The film Selma opened on 9 January 2015 to a barrage of criticism about its historical accuracy. Though unable to use any of Dr. Martin Luther King Jr.’s words due to copyright issues, the movie attempted to recreate the tense scene in Selma, Alabama on the eve of the passing of the 1965 Voter’s Right Act. Providing fodder for cinema critics were reenactments of several important touchstones of the American Civil Rights Movement: Bloody Sunday, the struggle between the Student Non-Violent Coordinating Commission (SNCC) and Southern Christian Leadership Council (SCLC), as well as Martin Luther King’s relationship with Lyndon Johnson. Many have focused on quibbling with the movie’s depiction of President Johnson as unsympathetic to King’s struggle; The Washington Post went so far as to say that “the movie should be ruled out…during the ensuing awards season” for this reason.
While the politics of Civil Rights and Johnson’s role were both more complex than the stark contrast suggested in the film, another issue has not been addressed in this movie. A key question comes to mind while watching the historical events unfold. Where were the women? The film did present the tense relationship between Coretta Scott King and her famous husband, but in many ways shunted aside the crucial role female activists played in the Movement.
Dianne Nash, a female activist only briefly mentioned in the film, actually played a huge role in the proceedings in Selma. Along with James Bevel, Nash first proposed the idea of the ‘Alabama Project’ at a board meeting for the SCLC in 1963 and was largely responsible for the initial idea of a march on Montgomery. Nash also acted as negotiator between the SCLC and SNCC during the campaign, as she had helped found both organizations. These two Civil Rights groups, focused on church-based communities and students respectively, had a contentious relationship and Nash, as a dual member, was in a unique position to smooth the strains between the two parties. Additionally, Nash organized the logistics of the Selma protest for voting rights and coordinated the movements of the protesters. During Bloody Sunday, it was Nash who summoned medics and saved the lives of many who were being brutalized on the Edmund Pettus Bridge. For all these arduous efforts, Martin Luther King Jr. himself awarded her the SCLC Freedom Medal following the passage of the Voting Rights Act of 1965.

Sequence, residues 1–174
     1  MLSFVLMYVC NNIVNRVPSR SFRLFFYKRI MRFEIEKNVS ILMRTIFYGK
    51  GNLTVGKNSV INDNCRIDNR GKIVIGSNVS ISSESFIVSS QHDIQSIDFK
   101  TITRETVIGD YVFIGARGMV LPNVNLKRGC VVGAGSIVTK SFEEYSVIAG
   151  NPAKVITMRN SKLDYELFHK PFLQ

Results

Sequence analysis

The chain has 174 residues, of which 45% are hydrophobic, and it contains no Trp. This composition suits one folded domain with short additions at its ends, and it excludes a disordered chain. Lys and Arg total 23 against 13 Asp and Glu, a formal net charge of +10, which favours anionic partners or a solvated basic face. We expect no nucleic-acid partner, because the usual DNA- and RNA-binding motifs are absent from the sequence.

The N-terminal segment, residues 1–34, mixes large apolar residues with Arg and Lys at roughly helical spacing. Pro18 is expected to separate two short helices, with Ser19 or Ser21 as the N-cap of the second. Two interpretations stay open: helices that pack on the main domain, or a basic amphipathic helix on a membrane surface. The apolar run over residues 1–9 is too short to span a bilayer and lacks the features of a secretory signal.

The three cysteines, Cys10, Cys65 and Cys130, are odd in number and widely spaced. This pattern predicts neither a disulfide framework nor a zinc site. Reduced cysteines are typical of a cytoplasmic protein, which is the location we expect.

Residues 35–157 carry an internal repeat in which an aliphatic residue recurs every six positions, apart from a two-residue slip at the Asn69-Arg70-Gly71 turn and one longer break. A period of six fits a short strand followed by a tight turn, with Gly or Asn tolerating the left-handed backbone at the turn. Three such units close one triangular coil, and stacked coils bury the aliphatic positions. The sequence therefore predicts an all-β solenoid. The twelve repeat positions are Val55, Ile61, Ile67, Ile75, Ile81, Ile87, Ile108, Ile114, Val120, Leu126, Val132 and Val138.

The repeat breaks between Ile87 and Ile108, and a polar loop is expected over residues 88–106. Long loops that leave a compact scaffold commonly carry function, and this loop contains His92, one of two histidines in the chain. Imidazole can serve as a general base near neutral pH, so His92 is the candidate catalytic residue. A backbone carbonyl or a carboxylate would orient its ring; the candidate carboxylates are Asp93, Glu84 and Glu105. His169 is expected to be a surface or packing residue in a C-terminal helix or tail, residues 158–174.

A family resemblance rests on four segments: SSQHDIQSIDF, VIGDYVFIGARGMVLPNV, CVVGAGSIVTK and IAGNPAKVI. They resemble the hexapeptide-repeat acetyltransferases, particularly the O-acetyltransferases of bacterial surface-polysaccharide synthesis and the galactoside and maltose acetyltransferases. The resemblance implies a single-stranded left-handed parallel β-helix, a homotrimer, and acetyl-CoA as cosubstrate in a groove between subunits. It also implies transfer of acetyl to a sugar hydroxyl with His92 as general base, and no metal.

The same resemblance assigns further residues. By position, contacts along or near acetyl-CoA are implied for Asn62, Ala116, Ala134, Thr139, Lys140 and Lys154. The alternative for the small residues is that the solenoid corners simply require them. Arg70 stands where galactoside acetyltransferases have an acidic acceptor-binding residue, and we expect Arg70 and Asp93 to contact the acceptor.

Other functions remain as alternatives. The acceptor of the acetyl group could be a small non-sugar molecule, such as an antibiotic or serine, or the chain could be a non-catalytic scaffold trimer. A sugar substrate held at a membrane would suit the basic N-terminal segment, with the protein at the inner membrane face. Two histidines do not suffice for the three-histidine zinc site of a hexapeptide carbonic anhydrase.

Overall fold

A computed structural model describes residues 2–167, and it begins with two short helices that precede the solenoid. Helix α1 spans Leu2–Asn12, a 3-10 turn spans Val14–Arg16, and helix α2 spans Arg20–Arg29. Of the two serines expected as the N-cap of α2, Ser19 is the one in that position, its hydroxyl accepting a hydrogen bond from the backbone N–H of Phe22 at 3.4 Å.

Dianne Nash’s marginalization in Selma is symptomatic of the sidelining of women more generally in both historical memory and media representation of the Civil Rights Movement. Strong female leaders such as Ella Baker, who became the executive director of the SCLC in 1957, Prathia Hall, whose trade mark phrase of ‘I have a dream’ may have inspired Dr. Martin Luther King Jr., Dorothea Height, who helped organize the March on Washington, and Fannie Lou Hamer, who led Mississippi’s Freedom Democratic Party were and are shunned while media attention and historical memory focused heavily on Martin Luther King Jr and his more violent counterpart Malcom X. As March is women’s history month, we should reflect not only upon the men who promulgated this remarkable movement, but the women as well.